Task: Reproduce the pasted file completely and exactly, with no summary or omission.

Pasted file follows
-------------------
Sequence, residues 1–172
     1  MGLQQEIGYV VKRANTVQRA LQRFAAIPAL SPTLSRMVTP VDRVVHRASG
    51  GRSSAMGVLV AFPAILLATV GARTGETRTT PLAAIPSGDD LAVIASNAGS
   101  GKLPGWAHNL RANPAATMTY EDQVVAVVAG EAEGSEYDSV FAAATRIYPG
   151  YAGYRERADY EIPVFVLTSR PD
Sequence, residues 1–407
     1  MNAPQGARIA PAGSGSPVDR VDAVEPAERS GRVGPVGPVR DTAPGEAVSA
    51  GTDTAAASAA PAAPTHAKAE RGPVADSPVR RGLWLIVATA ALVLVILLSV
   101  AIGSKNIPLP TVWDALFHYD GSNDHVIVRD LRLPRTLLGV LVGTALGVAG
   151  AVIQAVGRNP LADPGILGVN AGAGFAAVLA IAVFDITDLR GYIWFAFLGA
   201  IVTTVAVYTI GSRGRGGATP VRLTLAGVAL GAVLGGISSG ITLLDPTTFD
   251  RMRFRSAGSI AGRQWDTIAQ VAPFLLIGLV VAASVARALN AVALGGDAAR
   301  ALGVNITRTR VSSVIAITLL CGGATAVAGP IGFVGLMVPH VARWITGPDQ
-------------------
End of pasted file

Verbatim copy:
Sequence, residues 1–172
     1  MGLQQEIGYV VKRANTVQRA LQRFAAIPAL SPTLSRMVTP VDRVVHRASG
    51  GRSSAMGVLV AFPAILLATV GARTGETRTT PLAAIPSGDD LAVIASNAGS
   101  GKLPGWAHNL RANPAATMTY EDQVVAVVAG EAEGSEYDSV FAAATRIYPG
   151  YAGYRERADY EIPVFVLTSR PD
Sequence, residues 1–407
     1  MNAPQGARIA PAGSGSPVDR VDAVEPAERS GRVGPVGPVR DTAPGEAVSA
    51  GTDTAAASAA PAAPTHAKAE RGPVADSPVR RGLWLIVATA ALVLVILLSV
   101  AIGSKNIPLP TVWDALFHYD GSNDHVIVRD LRLPRTLLGV LVGTALGVAG
   151  AVIQAVGRNP LADPGILGVN AGAGFAAVLA IAVFDITDLR GYIWFAFLGA
   201  IVTTVAVYTI GSRGRGGATP VRLTLAGVAL GAVLGGISSG ITLLDPTTFD
   251  RMRFRSAGSI AGRQWDTIAQ VAPFLLIGLV VAASVARALN AVALGGDAAR
   301  ALGVNITRTR VSSVIAITLL CGGATAVAGP IGFVGLMVPH VARWITGPDQ